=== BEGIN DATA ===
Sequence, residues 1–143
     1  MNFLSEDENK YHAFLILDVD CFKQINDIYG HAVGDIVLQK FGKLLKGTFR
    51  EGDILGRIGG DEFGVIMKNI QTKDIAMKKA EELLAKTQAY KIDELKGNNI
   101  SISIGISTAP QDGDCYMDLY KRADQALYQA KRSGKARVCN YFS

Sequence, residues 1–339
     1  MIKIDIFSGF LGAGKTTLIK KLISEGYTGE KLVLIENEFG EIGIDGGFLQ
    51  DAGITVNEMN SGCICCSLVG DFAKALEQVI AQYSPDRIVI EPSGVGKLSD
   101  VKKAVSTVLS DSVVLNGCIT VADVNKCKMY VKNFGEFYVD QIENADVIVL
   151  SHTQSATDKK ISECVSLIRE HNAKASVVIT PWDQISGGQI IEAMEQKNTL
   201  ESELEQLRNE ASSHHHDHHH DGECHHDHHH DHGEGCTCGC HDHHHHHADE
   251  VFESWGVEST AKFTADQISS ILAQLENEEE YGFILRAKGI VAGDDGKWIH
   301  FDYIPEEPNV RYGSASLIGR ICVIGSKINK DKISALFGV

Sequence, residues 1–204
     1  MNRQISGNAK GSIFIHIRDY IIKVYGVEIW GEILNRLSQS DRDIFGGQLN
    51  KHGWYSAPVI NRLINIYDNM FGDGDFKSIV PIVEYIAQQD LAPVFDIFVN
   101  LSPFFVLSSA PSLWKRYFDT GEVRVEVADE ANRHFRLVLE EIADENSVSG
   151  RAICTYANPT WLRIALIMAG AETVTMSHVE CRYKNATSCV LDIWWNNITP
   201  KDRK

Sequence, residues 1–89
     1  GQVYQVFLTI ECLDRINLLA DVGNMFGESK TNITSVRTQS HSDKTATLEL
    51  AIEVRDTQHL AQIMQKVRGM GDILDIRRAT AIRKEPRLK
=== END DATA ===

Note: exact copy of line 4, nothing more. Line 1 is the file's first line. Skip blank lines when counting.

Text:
   101  SISIGISTAP QDGDCYMDLY KRADQALYQA KRSGKARVCN YFS